How To Improve Your Piano Playing

How To Improve Your Piano Playing l Piano Diana

Dear Musicians,

I think if you're like most musicians, you're probably struggling to learn music theory. I'm talking about how melodies, songs, and chords are formed. Especially, how to use music theory to your advantage when it comes to playing piano by ear. Maybe you've wrestled with self-help books, "how-to" videos, and music training manuals - or you are taking piano lessons and getting a little stuck.

Having taught over 200+ students, I know learning the piano is not an easy task. It requires a great level of understanding, application, and commitment. I believe a musician can always seek to learn new things, like an unused chord progression and explore different genres of music.

With over 20+ years of teaching piano, I have helped students with sight reading. It means having the ability to read songs from sheet music. This is a wonderful skill to have and more importantly is knowing the theory behind what you are playing. When you improvise, you'll be adding style with chords.

My sight readers love to memorize songs, and that's a good thing. Another approach is simply recognizing why chords are played at certain points in a song. It's so important to play what you feel.

Advantages To Playing Piano By Ear l Piano Diana

Playing Piano By Ear (Advantages)

  • Being able to instantly recognize chords that are played in songs even without being at a piano.
  • Not required to memorize chord progressions (pattern of chords played one after the other) because understanding them will automatically incline you to know what chord to play next.
  • Will allow you to use the same methods to play virtually any song you want.
How Does This Help You?

  • You are able to learn songs faster and easier because you understand why chords are played at certain points in a song.
  • Allows you to improvise and add your own "flavor" to the song. This is especially advantageous when playing in a church as you can never predict how long a song will be sung or what key the singer might resolve to. In a band, this might be helpful if the leader simply instructs everyone to surprisingly repeat a part of the song or change the key in which the song is currently being played in.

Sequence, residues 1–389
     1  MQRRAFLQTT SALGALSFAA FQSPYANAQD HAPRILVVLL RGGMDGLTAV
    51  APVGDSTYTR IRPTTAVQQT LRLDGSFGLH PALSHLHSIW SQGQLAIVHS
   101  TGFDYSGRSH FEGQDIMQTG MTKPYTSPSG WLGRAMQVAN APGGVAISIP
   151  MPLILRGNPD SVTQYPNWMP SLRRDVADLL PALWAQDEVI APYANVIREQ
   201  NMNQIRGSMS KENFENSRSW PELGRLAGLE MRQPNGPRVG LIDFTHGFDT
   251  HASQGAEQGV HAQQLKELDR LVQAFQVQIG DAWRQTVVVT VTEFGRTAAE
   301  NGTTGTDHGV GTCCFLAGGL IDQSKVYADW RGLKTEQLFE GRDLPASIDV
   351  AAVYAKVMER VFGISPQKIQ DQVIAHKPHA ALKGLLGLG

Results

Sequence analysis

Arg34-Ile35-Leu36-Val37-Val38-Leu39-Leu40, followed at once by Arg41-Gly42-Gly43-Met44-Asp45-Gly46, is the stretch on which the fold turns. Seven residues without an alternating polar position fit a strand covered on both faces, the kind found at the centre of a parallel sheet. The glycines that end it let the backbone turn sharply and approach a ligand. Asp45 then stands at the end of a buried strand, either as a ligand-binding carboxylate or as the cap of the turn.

• Saves you the money and time of having to go out and buy the sheet music to a song that you've already learned how to play by using the ability of your ear to recognize melodies, chords, and progressions. However, buying the sheet music isn't a bad idea if you want to learn specific parts to songs that have high levels of complexity. 
Here are some simple, easy-to-understand principles that every musician should know and utilize.

Learning How Melodies Are Constructed

It's important to understand how melodies are created. Because if you understand where melodies come from, you will be more apt to predict where the notes of the melody are going.

  • If you knew that a melody was being played in the Key of C, you would first assess whether this melody sounds like it is created from a major, natural minor, melodic minor, harmonic minor, blues or any other scale.
  • By knowing all of these scales and being able to recognize them with your ear, you can then eliminate notes that are less likely to be a part of the melody (unless they are used for other purposes, "accidental notes, leading notes.")
Here's An Example:

  1. Know the notes of the C Major Scale
  2. Know what notes are most likely to be played.
  3. Know what notes are not likely to be played. You should be able to predict what notes will be played (or for that matter, what notes have already been played.)
The notes of the C Major Scale is the easiest to memorize because it's all the white notes.

C - D - E - F - G - A - B - C

You'll start seeing what notes are immediately eliminated or less likely to occur throughout the sequence of the melody and what notes are most likely to be repeated.

Major, Minor and Modal Scales l Piano Diana

1. Major, Minor, and Modal Scales

Major scales make up melodies and chords. With the knowledge of scales, one can use a simple technique to locate any chord. For example, If you know that a C Major Scale consists of eight notes, C - D - E - F - G - A - B - C, and that three of its notes make up a major chord, all you would have to know is which three notes out of the scale make up the chord.

2. Major, Minor, Dominant, Diminished Chords

Do you know how to form the major, minor, diminished, and augmented chords? How about sixth, ninth, eleventh or thirteenth chords? For sure, chords come from scales. There are various ways of constructing chords. The Secrets to Playing Piano by Ear course covers lessons on half step, whole step and interval relationships. Plus, Scale degree studies on "subtonic," " the subdominant," "mediant," and "dominant" scale tones.

Here are some examples:

  • Major Triads = Major Third + Perfect Fifth
  • Minor Triads = Select the 1st, 3rd, and 5th notes of the minor scale. Add the interval of a major third on top of a minor 3rd. Lower the major third of a major chord a half step.
  • Major Seventh = Major Third + Minor Third + Major Third
  • Minor Seventh = Minor Third + Major Third + Minor Third
  • Dominant Seventh = Major Third + Minor Third + Minor Third 
The Secrets to Playing Piano by Ear

I'm excited to introduce you to the best theory book I personally have in my library, the Secrets to Playing Piano by Ear. Next time, let's explore some altered chords and more music theory.


"Jazz washes away the dust of everyday life." -- Art Blakey
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